WHO lists the Sinovac-CoronaVac COVID-19 vaccine emergency use
The WHO Emergency Use Listing means Sinovac’s COVID-19 vaccine is now eligible for distribution under COVAX.
The World Health Organization (WHO) has granted the Sinovac-CoronaVac COVID-19 vaccine Emergency Use Listing (EUL). The EUL assures that the vaccine meets international standards for safety, efficacy and manufacturing and means the Sinovac-CoronaVac COVID-19 vaccine is now eligible for distribution under COVAX, the vaccine procurement and distribution pillar of the WHO’s Access to COVID-19 Tools (ACT) Accelerator. The vaccine is produced by the Beijing-based pharmaceutical company Sinovac.
“The world desperately needs multiple COVID-19 vaccines to address the huge access inequity across the globe,” said Dr Mariângela Simão, WHO Assistant-Director General for Access to Health Products. “We urge manufacturers to participate in the COVAX Facility, share their knowhow and data and contribute to bringing the pandemic under control.”
WHO’s EUL is a prerequisite for COVAX Facility vaccine supply and international procurement. It also allows countries to expedite their own regulatory approval to import and administer COVID-19 vaccines.
The EUL assesses the quality, safety and efficacy of COVID-19 vaccines, as well as risk management plans and programmatic suitability, such as cold chain requirements. The assessment is performed by the product evaluation group, composed by regulatory experts from around the world and a Technical Advisory Group (TAG), in charge of performing the risk-benefit assessment for an independent recommendation on whether a vaccine can be listed for emergency use and, if so, under which conditions.
In the case of the Sinovac-CoronaVac vaccine, the WHO assessment included on-site inspections of the production facility.
The Sinovac-CoronaVac product is an inactivated vaccine. Its easy storage requirements make it very manageable and particularly suitable for low-resource settings.
WHO’s Strategic Advisory Group of Experts on Immunization (SAGE) has also completed its review of the available evidence for the vaccine. Based on the evidence, WHO recommends the vaccine for use in adults 18 years and older, in a two-dose schedule with a spacing of two to four weeks. Vaccine efficacy results showed that the vaccine prevented symptomatic disease in 51 percent of those vaccinated and prevented severe COVID-19 and hospitalisation in 100 percent of the studied population.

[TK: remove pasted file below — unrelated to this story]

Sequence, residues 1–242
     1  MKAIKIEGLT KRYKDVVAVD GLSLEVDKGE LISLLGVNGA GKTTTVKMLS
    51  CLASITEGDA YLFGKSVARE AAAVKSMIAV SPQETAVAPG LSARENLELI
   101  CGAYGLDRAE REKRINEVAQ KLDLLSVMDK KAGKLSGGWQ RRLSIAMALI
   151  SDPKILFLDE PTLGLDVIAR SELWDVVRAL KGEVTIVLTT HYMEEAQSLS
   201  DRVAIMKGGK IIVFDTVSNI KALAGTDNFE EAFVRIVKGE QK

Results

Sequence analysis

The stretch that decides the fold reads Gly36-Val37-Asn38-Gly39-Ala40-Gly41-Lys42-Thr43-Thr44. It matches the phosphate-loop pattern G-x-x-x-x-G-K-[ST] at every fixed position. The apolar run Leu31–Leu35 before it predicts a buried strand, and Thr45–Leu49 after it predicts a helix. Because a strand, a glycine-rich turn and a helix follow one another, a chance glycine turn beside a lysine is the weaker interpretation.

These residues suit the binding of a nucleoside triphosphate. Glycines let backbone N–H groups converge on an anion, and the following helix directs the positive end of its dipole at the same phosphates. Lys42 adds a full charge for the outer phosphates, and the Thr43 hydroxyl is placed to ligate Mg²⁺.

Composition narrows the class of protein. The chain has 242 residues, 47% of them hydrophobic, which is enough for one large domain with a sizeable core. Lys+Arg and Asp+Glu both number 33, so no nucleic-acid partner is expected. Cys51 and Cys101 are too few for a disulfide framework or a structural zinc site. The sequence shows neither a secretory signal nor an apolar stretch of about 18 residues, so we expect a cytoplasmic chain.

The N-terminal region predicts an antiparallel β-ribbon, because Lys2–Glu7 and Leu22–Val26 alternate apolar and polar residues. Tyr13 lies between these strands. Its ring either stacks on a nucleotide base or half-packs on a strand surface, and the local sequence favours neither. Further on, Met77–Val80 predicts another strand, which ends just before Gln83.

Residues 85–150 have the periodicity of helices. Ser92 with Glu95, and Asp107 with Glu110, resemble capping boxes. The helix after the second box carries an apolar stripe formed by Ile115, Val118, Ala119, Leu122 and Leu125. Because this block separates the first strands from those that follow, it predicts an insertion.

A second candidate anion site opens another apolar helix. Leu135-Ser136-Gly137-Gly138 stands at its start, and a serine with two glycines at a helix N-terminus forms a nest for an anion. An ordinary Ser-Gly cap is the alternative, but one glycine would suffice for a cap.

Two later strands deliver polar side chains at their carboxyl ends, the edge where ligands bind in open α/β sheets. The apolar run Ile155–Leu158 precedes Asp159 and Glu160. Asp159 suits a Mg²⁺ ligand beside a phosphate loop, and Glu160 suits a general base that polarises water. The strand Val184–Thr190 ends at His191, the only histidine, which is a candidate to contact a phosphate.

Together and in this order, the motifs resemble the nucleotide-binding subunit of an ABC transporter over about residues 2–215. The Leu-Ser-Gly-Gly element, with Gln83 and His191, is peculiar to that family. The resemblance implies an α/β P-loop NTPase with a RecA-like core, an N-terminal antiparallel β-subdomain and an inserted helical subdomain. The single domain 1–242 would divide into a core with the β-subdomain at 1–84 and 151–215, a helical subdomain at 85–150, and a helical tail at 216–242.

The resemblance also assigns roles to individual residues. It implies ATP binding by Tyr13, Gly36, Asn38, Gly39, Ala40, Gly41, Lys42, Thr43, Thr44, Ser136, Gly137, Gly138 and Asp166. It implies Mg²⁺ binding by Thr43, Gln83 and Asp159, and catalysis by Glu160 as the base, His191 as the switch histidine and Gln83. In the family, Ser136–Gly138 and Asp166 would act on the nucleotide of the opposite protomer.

Few older adults (over 60 years) were enrolled in clinical trials, so efficacy could not be estimated in this age group. Nevertheless, WHO is not recommending an upper age limit for the vaccine because data collected during subsequent use in multiple countries and supportive immunogenicity data suggests the vaccine is likely to have a protective effect in older persons. While there is no reason to believe that the vaccine has a different safety profile in older and younger populations, WHO recommends that countries using the vaccine in older age groups conduct safety and effectiveness monitoring to verify the expected impact and contribute to making the recommendation more robust for all countries.
As part of the EUL process, Sinovac had to commit to continue to generate data to enable full licensure and WHO prequalification of the vaccine. The WHO prequalification process will assess additional clinical data generated from vaccine trials and deployment on a rolling basis to ensure the vaccine meets the necessary standards of quality, safety and efficacy for broader availability.
Other COVID-19 vaccines listed for emergency use
WHO has already granted EULs to several other COVID-19 vaccines, namely:
- Pfizer/BioNTech’s Comirnaty®
- Astrazeneca-SK Bio’s COVID-19 Vaccine AstraZeneca (ChAdOx1-S [recombinant])
- Serum Institute of India Pvt Ltd’s COVID-19 Vaccine (ChAdOx1-S [recombinant]) – COVISHIELD™
- Astra Zeneca EU’s COVID-19 Vaccine AstraZeneca (ChAdOx1-S [recombinant])
- the Janssen COVID-19 Vaccine,
- the COVID-19 Vaccine Moderna; and
- Sinopharm’s Vero Cell vaccine.